European Commission: Proposal for a Regulation of the European Parliament and of the Council on preventing the dissemination of terrorist content online

IRIS 2019-1:1/4

Mariana Francese Coutinho

Institute for Information Law (IViR), University of Amsterdam

On 9 September, 2018, the European Commission published its proposal for a Regulation on preventing the dissemination of terrorist content online. The proposal addresses the need for a higher level of protection against the misuse of the Internet to prepare, inspire and facilitate terrorist activity; to groom and recruit supporters; and to instil fear in the general public. The Regulation aims to overcome the limitations encountered by the EU Internet Forum, which was launched in December 2015 under the European Agenda on Security to stimulate the voluntary cooperation of EU member states and hosting service providers in order to detect and respond to online terrorist content. Furthermore, in March 2018, the European Commission issued a Recommendation on measures to effectively tackle illegal content online (see IRIS 2018-4/9), which included a specific chapter outlining measures to stem the uploading and sharing of terrorist propaganda online.

As stated in its Explanatory Memorandum, the proposal seeks to establish a clear and harmonised legal framework to prevent the misuse of hosting services for the dissemination of terrorist content online in order to guarantee the smooth functioning of the Digital Single Market and ensure trust and security. The proposal aims to clarify the responsibility of hosting service providers in taking appropriate, reasonable and proportionate actions to ensure their services’ safety and to be able to detect and remove, in an efficient and swift manner, terrorist content online, while still offering remedies and complaint mechanisms so that users may challenge the removal of their content. In this sense, it sets a minimum set of obligations for hosting service providers and member states, and offers safeguards, taking into account the need to respect fundamental rights such as freedom of expression and information, as well as judicial redress possibilities. The duties of transparency aim to increase trust among citizens and Internet users, as well as to improve the accountability and transparency of companies’ actions. The member states’ obligations, besides contributing to these objectives, benefit the relevant authorities when taking appropriate action against terrorist content online. Member states may impose penalties to non-compliant hosting service providers.

The scope of the proposal affects hosting service providers offering their services within the European Union, irrespective of their place of establishment or their size. The proposal, drawing on the Directive to Combat Terrorism, defines terrorist content as information which is used to incite and glorify the commission of terrorist offences, encouraging the contribution to and providing instructions for committing terrorist offences, as well as promoting the activities of and participation in terrorist groups. The Regulation also gives the member states’ competent authorities power to issue, through an administrative or judicial decision, removal orders requiring the hosting service provider to remove terrorist content or disable access to it, which the hosting service provider has an obligation to do within one hour. In addition, the Regulation establishes minimum requirements in order for the member states’ competent authorities or EU bodies to send referrals to hosting service providers concerning terrorist content, so that the latter may assess the content identified in the referral against its own terms and conditions and decide whether to remove or disable access to it. Furthermore, the proposal requires that hosting service providers, where appropriate, take effective and proportionate proactive measures to remove terrorist material from their services, including by deploying automated detection tools, taking into account factors such as the risk and level of exposure to terrorist content and the fundamental rights of the users. All terrorist content removed or disabled on the basis of these provisions must be preserved for a period of six months, which acts both as a safeguard against incorrect removal of non-terrorist content and as insurance for evidence in the prevention, detection, investigation and prosecution of terrorist offences.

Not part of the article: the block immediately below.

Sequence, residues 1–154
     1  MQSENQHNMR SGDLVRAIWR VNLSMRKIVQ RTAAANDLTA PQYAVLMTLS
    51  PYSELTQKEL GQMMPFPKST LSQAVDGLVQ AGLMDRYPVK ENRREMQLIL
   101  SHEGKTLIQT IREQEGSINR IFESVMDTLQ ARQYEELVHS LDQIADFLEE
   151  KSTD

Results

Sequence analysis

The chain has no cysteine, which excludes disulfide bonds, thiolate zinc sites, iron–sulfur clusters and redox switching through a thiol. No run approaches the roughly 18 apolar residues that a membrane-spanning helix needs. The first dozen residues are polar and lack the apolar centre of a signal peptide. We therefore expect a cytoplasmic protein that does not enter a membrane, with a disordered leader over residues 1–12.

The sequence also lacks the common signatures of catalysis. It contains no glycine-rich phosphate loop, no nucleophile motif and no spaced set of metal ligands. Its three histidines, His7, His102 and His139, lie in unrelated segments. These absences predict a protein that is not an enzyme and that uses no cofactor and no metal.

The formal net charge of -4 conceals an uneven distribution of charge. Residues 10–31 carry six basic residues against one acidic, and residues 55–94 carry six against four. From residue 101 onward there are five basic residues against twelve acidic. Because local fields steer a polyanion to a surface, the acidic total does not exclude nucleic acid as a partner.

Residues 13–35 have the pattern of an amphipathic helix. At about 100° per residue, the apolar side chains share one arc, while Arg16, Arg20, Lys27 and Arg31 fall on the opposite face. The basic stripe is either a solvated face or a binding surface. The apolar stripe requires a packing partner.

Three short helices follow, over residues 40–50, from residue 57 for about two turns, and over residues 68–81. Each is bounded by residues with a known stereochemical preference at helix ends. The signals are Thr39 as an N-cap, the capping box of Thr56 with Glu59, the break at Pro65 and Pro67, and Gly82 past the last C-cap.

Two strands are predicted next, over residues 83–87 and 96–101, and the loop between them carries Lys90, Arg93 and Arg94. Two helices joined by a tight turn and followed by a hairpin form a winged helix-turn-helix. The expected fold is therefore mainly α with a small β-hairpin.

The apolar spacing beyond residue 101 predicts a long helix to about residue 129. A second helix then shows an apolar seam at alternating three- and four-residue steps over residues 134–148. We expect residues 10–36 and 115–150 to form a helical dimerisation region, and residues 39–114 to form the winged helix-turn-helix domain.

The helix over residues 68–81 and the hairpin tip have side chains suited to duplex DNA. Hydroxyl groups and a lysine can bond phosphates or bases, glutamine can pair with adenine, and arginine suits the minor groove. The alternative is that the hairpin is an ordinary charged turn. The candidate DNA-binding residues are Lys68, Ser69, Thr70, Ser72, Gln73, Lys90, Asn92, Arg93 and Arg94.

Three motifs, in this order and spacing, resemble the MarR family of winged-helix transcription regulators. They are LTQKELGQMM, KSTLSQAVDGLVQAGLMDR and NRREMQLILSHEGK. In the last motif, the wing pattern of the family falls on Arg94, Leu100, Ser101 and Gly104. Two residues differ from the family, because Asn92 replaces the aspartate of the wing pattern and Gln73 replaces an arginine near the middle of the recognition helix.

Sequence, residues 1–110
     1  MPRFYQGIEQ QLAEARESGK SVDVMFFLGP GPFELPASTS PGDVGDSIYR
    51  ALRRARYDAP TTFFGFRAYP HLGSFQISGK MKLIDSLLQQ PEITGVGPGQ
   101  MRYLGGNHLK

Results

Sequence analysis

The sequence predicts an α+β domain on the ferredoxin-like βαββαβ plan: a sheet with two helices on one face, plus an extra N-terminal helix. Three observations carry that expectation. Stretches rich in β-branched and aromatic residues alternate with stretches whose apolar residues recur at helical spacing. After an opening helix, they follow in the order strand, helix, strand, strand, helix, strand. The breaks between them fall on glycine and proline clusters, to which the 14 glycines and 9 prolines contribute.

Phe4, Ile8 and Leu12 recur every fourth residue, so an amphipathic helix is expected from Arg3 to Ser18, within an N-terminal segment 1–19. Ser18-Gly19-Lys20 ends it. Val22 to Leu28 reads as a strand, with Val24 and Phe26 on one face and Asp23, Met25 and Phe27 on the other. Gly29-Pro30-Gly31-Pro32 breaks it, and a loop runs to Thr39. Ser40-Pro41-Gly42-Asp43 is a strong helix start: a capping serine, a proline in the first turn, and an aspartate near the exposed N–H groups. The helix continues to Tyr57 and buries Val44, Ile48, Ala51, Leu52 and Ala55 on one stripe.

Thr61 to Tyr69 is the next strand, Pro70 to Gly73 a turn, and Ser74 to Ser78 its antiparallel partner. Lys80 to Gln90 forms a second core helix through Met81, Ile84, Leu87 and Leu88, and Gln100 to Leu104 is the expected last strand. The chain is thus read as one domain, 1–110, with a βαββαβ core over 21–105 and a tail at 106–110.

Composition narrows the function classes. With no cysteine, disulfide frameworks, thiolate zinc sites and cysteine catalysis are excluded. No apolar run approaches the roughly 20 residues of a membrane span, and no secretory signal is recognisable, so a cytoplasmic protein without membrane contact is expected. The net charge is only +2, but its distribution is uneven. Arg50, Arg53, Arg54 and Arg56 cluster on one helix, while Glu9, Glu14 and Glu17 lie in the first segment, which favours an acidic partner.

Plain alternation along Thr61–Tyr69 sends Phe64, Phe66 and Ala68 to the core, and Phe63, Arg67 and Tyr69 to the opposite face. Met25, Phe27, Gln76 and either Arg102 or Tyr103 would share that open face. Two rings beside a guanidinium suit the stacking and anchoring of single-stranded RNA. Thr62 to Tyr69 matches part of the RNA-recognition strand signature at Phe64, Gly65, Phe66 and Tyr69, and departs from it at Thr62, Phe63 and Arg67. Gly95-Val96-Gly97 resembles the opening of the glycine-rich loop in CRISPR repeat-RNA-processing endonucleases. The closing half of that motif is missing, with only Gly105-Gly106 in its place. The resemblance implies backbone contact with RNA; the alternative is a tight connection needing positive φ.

The proposal also provides for a number of transparency obligations aimed at ensuring accountability towards users, citizens and public authorities, as well as safeguards regarding the use and implementation of proactive measures, such as human oversight and verifications where appropriate. Besides that, the proposal allows users to challenge the removal of their content, establishing that hosting service providers shall examine complaints that they receive and reinstate the content without undue delay where the removal or disabling of access is found to be unjustified. Lastly, there are also provisions concerning cooperation between competent authorities, Union bodies and hosting service providers, and obligations for member states to ensure that their competent authorities have the necessary capability and resources to fulfil their obligations under the Regulation.


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IRIS 2018-4:1/9 European Commission: Recommendation on measures to effectively tackle illegal content online

This article has been published in IRIS Legal Observations of the European Audiovisual Observatory.